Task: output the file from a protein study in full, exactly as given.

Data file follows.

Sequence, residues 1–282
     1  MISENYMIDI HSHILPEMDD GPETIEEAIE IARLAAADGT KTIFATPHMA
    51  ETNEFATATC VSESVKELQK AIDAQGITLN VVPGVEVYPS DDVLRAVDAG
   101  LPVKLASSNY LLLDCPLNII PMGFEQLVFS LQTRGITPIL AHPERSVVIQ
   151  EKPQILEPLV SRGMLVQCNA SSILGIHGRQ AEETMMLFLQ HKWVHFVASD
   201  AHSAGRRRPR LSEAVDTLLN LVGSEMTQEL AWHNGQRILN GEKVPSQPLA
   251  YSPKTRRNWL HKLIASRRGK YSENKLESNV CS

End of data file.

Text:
Sequence, residues 1–282
     1  MISENYMIDI HSHILPEMDD GPETIEEAIE IARLAAADGT KTIFATPHMA
    51  ETNEFATATC VSESVKELQK AIDAQGITLN VVPGVEVYPS DDVLRAVDAG
   101  LPVKLASSNY LLLDCPLNII PMGFEQLVFS LQTRGITPIL AHPERSVVIQ
   151  EKPQILEPLV SRGMLVQCNA SSILGIHGRQ AEETMMLFLQ HKWVHFVASD
   201  AHSAGRRRPR LSEAVDTLLN LVGSEMTQEL AWHNGQRILN GEKVPSQPLA
   251  YSPKTRRNWL HKLIASRRGK YSENKLESNV CS